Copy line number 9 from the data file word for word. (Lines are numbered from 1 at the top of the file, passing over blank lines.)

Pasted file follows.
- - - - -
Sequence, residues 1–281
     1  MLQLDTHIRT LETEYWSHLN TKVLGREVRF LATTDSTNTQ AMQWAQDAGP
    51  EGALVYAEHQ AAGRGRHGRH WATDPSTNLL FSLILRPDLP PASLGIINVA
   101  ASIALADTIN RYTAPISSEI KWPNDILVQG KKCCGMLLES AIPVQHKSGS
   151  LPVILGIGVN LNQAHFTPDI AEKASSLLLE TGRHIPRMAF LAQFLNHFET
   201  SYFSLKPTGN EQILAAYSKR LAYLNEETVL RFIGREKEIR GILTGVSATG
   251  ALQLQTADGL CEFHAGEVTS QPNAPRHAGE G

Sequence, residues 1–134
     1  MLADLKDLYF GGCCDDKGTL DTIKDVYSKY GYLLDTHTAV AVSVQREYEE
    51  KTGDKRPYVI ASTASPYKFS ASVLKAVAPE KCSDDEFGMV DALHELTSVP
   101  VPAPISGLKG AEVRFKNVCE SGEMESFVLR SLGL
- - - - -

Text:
     1  MLADLKDLYF GGCCDDKGTL DTIKDVYSKY GYLLDTHTAV AVSVQREYEE